9. Just one mothball containing naphthalene can cause serious illness to a dog or cat, including liver and kidney damage, swelling of the brain, seizures, coma and even death. ~American Veterinary Medical Association

It is important to be aware of what’s around the house that your pet might find fascinating – even irresistible – when you’re not paying attention. Almost all house plants are toxic to dogs and cats.  Cats usually munch and purge, but dogs will scarf down anything that looks inviting and then lay around looking at you like they really don’t feel so good. Look around for things like citronella candles, fabric softener sheets, and even food items in their reach such as avocado, chocolate, coffee, garlic, grapes, macadamia nuts, onions, raisins and salt.  Did you know that?  If you don’t have a local animal emergency hospital phone number on your refrigerator, I recommend doing that today.  My 24/7 Vet ER happens to also be my regular vet and I’m glad for the fact that they know my pets there.  Not all Vet ERs have regular practices, but if you can find one of these, it’s a good place to consider.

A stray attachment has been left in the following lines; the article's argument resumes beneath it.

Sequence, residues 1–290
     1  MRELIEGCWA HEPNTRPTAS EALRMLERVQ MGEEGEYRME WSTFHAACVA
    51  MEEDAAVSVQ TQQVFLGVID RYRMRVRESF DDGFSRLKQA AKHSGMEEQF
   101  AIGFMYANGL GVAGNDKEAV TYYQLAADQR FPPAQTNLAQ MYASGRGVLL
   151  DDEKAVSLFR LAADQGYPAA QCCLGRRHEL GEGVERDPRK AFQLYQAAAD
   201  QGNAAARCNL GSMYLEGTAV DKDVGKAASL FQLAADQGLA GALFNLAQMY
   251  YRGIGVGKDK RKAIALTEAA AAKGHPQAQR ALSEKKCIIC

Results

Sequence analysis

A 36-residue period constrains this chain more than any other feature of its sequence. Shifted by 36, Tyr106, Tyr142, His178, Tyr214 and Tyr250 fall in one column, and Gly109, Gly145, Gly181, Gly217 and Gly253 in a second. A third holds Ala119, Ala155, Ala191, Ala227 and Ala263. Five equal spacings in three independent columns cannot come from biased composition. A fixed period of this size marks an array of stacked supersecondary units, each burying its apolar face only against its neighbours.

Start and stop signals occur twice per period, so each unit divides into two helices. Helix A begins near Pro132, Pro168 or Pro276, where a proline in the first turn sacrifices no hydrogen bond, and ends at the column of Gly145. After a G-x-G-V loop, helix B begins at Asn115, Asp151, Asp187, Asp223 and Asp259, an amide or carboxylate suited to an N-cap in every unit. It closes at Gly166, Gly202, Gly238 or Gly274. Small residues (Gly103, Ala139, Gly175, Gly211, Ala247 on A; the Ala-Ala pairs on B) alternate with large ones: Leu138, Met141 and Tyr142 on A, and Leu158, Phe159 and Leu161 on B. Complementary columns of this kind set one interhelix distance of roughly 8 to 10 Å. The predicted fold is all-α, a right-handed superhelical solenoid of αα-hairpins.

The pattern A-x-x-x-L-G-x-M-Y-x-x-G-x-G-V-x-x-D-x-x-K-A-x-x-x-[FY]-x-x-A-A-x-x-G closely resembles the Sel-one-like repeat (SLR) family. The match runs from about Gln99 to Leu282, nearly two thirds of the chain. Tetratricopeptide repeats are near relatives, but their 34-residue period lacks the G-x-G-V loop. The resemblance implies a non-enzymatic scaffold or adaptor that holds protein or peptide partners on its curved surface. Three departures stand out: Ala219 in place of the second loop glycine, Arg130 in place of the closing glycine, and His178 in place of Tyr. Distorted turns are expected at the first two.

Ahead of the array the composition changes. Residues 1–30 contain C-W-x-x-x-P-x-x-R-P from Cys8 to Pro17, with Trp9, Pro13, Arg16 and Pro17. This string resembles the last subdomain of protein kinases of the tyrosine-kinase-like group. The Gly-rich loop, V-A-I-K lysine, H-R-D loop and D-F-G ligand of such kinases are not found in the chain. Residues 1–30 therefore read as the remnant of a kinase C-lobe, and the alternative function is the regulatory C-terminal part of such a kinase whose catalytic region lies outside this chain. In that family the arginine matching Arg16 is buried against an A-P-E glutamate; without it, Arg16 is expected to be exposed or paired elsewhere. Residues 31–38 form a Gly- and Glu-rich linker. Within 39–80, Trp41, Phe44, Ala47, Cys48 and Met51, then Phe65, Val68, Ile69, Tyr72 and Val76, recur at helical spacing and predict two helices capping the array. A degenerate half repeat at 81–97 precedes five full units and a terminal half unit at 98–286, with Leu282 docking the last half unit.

I feel another scripture about having dominion over all the animals coming on!

Genesis 6:19 And of every living thing of all flesh you shall bring two of every sort into the ark, to keep them alive with you; they shall be male and female. 20 Of the birds after their kind, of animals after their kind, and of every creeping thing of the earth after its kind, two of every kind will come to you to keep them alive. 21 And you shall take for yourself of all food that is eaten, and you shall gather it to yourself; and it shall be food for you and for them.”